Fashion designers are actually not ‘dictators of taste,’ study finds

Fashion designers are actually not ‘dictators of taste,’ study finds
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Most of the literature on innovation develops in the context of technology, where the degree of radical or incremental change in terms of functionality of the product can be evaluated according to objective and predictable models. In creative industries, a valuable source of competitive advantage lies in aesthetic innovation. In the world of fashion in particular, innovation is reflected in the way and the intensity with which styles change, so it is much more difficult to determine what is truly new. Consequently, over time, fashion critics have taken a key role in evaluating the quantity and quality of innovation introduced into the fashion market, since their experience allows them to evaluate the contribution of a specific designer in the context of what preceded him/her and what other stylists do. Each season, fashion critics examine the new collections that leading fashion designers present, evaluating what is authentically original versus what is simply reworked, thus playing a fundamental role as gatekeepers of taste within the market.

This is the phenomenon on which we have focused our attention. We studied the patterns of innovation and the influence exerted on them by opinion leaders in printed media in an industry where innovation is least codified in terms of the dynamics of development and launch of new products. In this research paper we document how stylistic innovation, with respect to styles that major fashion brands introduce each season, is influenced by the specific exogenous factor of the critical assessments made on the past work of a given designer.

The work spans a period of 10 years, from 1998 to 2008, and examines every season’s collections (spring/summer and fall/winter) developed across that timespan by all prêt-à-porter brands present in the official fashion show calendars provided by the National Chamber of Fashion in Milan and the Fedération Française de la Couture et du Prêt-à-porter in Paris. The result is a sample made of 42 companies, 22 present on Milanese catwalks and 20 on the Parisian ones. Of great interest are the results that emerged from the analysis of their innovative behaviors, described in the article “Changing Style in Style-Changing Industries. The Role of Critics as Gatekeepers in High-End Fashion,” published in the special issue of Advances in Strategic Management titled “Style in Strategy and Strategy of Style: Theoretical Developments, Empirical Results, and Research Agenda.”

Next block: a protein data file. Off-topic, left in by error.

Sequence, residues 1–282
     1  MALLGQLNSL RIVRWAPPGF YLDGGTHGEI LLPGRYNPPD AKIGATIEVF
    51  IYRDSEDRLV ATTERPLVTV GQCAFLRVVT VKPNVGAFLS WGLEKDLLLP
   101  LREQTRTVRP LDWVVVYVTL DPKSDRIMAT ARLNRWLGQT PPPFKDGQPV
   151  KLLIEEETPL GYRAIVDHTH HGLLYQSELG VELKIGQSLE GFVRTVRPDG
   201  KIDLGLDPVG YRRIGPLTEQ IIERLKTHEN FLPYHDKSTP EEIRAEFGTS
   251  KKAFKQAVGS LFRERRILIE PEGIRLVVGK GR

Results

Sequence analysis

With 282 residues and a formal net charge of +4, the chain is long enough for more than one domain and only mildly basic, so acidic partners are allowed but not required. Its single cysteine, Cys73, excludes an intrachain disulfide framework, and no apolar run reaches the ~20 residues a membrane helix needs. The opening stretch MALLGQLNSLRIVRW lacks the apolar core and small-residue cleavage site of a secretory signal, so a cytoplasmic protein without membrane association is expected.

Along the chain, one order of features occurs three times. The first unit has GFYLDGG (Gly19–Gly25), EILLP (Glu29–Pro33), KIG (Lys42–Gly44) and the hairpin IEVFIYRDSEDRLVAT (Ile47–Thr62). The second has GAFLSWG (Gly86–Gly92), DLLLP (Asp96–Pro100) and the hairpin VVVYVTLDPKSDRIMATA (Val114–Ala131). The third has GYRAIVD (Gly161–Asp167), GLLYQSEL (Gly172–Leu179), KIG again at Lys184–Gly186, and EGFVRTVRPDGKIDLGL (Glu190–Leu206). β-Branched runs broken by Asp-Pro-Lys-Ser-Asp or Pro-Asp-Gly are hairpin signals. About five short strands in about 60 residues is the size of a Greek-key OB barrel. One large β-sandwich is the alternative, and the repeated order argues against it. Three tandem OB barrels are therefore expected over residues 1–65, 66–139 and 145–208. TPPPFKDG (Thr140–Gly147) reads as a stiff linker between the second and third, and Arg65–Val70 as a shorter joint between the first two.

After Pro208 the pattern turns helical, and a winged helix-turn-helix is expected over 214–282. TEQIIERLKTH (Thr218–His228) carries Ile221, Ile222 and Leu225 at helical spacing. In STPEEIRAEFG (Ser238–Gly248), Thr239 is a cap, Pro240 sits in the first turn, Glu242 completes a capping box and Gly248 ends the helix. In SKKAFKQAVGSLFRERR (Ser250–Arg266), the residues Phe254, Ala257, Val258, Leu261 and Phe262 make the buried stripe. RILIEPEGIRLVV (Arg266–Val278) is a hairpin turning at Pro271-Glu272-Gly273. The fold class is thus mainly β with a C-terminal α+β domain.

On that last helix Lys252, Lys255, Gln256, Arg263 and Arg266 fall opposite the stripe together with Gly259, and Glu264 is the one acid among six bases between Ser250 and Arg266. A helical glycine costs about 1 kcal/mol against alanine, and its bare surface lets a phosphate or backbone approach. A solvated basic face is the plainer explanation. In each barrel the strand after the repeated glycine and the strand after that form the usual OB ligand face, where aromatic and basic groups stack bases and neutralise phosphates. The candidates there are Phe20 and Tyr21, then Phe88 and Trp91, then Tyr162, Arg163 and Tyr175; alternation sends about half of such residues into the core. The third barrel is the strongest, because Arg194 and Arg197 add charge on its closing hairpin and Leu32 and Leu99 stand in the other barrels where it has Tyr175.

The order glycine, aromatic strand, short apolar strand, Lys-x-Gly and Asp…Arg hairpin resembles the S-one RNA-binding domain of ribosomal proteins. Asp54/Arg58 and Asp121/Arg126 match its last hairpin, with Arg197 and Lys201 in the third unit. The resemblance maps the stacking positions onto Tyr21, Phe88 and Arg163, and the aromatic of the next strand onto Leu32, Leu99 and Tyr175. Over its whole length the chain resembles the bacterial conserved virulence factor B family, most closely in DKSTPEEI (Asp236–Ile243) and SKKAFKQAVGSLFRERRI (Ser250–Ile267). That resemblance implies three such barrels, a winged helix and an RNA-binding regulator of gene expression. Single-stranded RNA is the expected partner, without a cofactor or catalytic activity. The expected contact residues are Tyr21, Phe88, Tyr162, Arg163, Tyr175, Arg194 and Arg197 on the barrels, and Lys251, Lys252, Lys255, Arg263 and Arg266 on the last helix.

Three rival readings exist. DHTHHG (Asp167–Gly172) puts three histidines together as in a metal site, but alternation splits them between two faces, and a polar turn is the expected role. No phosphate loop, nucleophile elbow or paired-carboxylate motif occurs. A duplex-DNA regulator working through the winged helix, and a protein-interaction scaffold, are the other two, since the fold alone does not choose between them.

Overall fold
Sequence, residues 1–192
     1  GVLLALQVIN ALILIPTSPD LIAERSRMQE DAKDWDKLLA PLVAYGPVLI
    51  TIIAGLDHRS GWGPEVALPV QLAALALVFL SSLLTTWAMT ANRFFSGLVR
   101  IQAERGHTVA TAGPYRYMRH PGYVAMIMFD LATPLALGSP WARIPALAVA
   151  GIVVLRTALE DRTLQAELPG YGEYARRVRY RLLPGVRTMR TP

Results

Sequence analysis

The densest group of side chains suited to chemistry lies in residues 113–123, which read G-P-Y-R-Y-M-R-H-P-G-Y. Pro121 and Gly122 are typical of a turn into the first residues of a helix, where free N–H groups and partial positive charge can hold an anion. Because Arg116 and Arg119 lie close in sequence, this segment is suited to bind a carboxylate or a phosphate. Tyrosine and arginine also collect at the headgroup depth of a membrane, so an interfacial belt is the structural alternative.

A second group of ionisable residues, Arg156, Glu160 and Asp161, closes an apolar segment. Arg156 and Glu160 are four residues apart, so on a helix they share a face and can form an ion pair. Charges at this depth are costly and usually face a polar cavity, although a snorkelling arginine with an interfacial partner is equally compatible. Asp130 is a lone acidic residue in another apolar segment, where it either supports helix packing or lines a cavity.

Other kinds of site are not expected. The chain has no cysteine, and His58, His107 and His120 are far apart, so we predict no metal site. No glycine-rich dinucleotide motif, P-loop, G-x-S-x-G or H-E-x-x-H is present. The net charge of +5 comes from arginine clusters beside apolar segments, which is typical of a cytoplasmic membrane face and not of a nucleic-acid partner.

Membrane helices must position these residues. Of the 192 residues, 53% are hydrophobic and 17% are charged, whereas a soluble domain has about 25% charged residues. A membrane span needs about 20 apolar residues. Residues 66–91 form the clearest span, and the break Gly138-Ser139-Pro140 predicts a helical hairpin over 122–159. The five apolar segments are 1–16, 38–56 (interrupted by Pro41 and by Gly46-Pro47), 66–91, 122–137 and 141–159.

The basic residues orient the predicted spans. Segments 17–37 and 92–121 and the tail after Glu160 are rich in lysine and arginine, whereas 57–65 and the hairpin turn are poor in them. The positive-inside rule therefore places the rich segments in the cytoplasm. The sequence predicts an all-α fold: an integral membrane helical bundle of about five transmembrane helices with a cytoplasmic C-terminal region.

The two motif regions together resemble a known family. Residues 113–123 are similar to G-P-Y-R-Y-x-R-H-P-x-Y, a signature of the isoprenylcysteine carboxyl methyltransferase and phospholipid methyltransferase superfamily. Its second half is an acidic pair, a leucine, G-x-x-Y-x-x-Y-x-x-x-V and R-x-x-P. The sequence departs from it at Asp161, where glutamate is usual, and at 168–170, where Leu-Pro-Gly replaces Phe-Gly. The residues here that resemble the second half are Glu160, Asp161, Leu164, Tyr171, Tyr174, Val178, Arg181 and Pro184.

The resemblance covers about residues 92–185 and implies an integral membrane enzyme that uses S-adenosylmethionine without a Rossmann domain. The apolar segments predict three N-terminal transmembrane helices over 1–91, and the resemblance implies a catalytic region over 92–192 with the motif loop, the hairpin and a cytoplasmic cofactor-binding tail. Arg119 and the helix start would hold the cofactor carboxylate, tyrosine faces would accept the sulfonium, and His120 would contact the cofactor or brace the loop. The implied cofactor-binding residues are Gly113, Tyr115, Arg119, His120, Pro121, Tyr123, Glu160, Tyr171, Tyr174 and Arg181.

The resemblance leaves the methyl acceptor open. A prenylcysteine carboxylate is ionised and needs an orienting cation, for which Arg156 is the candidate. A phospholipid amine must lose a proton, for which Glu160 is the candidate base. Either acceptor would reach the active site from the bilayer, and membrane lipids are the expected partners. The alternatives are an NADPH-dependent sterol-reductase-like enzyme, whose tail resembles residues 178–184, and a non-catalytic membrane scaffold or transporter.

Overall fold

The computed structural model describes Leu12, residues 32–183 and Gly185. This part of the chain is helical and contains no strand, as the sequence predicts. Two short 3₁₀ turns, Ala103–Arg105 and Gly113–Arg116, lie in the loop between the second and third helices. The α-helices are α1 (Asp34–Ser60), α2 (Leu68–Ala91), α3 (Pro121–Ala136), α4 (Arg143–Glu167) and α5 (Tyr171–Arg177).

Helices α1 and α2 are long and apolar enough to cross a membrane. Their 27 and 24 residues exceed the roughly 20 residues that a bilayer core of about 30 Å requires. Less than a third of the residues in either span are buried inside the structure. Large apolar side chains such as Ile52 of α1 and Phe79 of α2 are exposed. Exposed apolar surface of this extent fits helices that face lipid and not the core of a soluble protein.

For each of the fashion brands considered, all the items for each collection were analyzed as part of their respective communication campaigns. Using a grid of five parameters (cut, color, length, fabric, decoration) each garment was coded and compared with a similar garment proposed in the previous season, in order to build an innovation index for each type of product, collection, and brand. The average therefore makes it possible to identify an overall innovation index per season with reference to each single brand. At the same time, all the reviews produced downstream of fashion shows by opinion leaders in international media considered particularly authoritative sources (International Herald Tribune, The New York Times, WWD, were collected and classified to obtain a synthetic index of evaluation for each collection.

The evidence that emerges from the analysis suggests that designers are by no means path-independent in their decision to bring new designs into the market, thus refuting Karl Lagerfeld’s famous dictum according to which “fashion designers are dictators of taste,” but instead tend to be sensitive to their past successes and failures. Not only that, but they also consider the past work of competitors and how their own innovations were rated by critics in various fashion season. In summary, our work reveals how much designers are sensitive to critical evaluation and the way this influences the evolution of their style; the innovations they propose tend to be close to what was praised earlier and far from what was not particularly appreciated in the past.

Executives in creative industries should, therefore, take note of how designers integrate critical feedbacks and how stylistic innovation occurs incrementally based on what critics are willing to accept. In industries where technological innovation drives product innovation and functional requirements matter most, the fact that change is incremental or disruptive depends on the capabilities of the company. In fashion, change could be implemented much more easily in principle, as there are fewer operational constraints. However, how much innovation actually occurs is rooted in the response critics provide to past innovations.

In conclusion, this study not only documents the strong correlation between style dynamics and critical feedbacks, but also has important implications for any company seeking to strike a balance between autonomy and conformity in defining its unique positioning on the market.

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More information:
Paola Cillo et al. Changing Style in Style-changing Industries: The Role of Critics as Gatekeepers in High-end Fashion, Aesthetics and Style in Strategy (2020). DOI: 10.1108/S0742-332220200000042007

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Bocconi University

Fashion designers are actually not ‘dictators of taste,’ study finds (2021, May 6)
retrieved 12 May 2021

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